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Secular Changes in Wealth Inequality and Inheritance

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  • Laitner, John

Abstract

Data suggest that the distribution of wealth among households in the USA and UK has become more equal over the last century, though, at least for the USA, the pattern may have reversed recently. This paper shows that a model in which all households save for life-cycle reasons and some for dynastic purposes as well offers a possible or partial explanation: the model predicts rising cross-sectional equality of wealth when longevity increases. There may also be implications about very recent changes: expansion of social security programmes and government deficits can lead toward more wealth inequality. Slower growth may do the same.

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Bibliographic Info

Article provided by Royal Economic Society in its journal The Economic Journal.

Volume (Year): 111 (2001)
Issue (Month): 474 (October)
Pages: 691-721

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Handle: RePEc:ecj:econjl:v:111:y:2001:i:474:p:691-721

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References

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  1. Joseph G. Altonji & Fumio Hayashi & Laurence Kotlikoff, . "Parental Altruism and Inter Vivos Transfers: Theory and Evidence," IPR working papers 95-22, Institute for Policy Resarch at Northwestern University.
  2. Luisa Fuster, 1999. "Is Altruism Important for Understanding the Long-Run Effects of Social Security?," Review of Economic Dynamics, Elsevier for the Society for Economic Dynamics, vol. 2(3), pages 616-637, July.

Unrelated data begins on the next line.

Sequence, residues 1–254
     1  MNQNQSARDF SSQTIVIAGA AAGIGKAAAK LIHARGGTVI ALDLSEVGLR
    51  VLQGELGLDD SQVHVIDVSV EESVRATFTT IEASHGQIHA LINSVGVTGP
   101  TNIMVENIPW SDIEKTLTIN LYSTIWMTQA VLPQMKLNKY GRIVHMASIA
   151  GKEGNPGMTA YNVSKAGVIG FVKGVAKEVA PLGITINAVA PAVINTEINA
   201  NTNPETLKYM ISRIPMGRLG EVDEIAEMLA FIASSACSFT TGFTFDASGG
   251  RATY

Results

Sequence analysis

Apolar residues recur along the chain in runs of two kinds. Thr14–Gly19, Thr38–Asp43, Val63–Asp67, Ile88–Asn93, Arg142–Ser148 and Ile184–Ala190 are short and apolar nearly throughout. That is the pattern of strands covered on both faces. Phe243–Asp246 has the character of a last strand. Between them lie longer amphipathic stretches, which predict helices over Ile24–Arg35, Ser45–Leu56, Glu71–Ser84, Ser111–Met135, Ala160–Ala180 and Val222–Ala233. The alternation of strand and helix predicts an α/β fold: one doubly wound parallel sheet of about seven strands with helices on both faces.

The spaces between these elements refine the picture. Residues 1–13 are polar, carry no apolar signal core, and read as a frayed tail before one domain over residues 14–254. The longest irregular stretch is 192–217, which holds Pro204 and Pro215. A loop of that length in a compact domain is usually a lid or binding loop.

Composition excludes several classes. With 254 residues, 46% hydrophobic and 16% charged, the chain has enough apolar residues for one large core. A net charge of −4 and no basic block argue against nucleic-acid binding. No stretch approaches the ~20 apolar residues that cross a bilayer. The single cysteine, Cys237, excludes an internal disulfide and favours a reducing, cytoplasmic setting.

3. John Laitner & F. Thomas Juster, 1993. "New evidence on altruism: a study of TIAA-CREF retirees," Discussion Paper / Institute for Empirical Macroeconomics 86, Federal Reserve Bank of Minneapolis.
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  9. Laitner, John, 1992. "Random earnings differences, lifetime liquidity constraints, and altruistic intergenerational transfers," Journal of Economic Theory, Elsevier, vol. 58(2), pages 135-170, December.
  10. Laitner, John, 1991. "Modeling Marital Connections among Family Lines," Journal of Political Economy, University of Chicago Press, vol. 99(6), pages 1123-41, December.
  11. Modigliani, Franco, 1988. "The Role of Intergenerational Transfers and Life Cycle Saving in the Accumulation of Wealth," Journal of Economic Perspectives, American Economic Association, vol. 2(2), pages 15-40, Spring.
  12. Joseph G. Altonji & Fumio Hayashi & Laurence J. Kotlikoff, 1989. "Is the Extended Family Altruistically Linked? Direct Tests Using Micro Data," NBER Working Papers 3046, National Bureau of Economic Research, Inc.
  13. Burkhauser, Richard V & Smeeding, Timothy M & Merz, Joachim, 1996. "Relative Inequality and Poverty in Germany and the United States Using Alternative Equivalence Scales," Review of Income and Wealth, International Association for Research in Income and Wealth, vol. 42(4), pages 381-400, December.
  14. Michael R. Darby, 1977. "The Effects of Social Security on Income and the Capital Stock," UCLA Economics Working Papers 095A, UCLA Department of Economics.
  15. MICHEL, Philippe & PESTIEAU , Pierre, 1994. "Fiscal Policy in a Growth Model with Both Altruistic and Non Altruistic Agents," CORE Discussion Papers 1994049, Université catholique de Louvain, Center for Operations Research and Econometrics (CORE).
  16. Shinichi Nishiyama, 2000. "Measuring Time Preference and Parental Altruism: Technical Paper 2000-7," Working Papers 13333, Congressional Budget Office.
  17. Laitner, John, 1993. "Intergenerational and interhousehold economic links," Handbook of Population and Family Economics, in: M. R. Rosenzweig & Stark, O. (ed.), Handbook of Population and Family Economics, edition 1, volume 1, chapter 5, pages 189-238 Elsevier.
  18. Wolff, Edward N, 1996. "International Comparisons of Wealth Inequality," Review of Income and Wealth, International Association for Research in Income and Wealth, vol. 42(4), pages 433-51, December.
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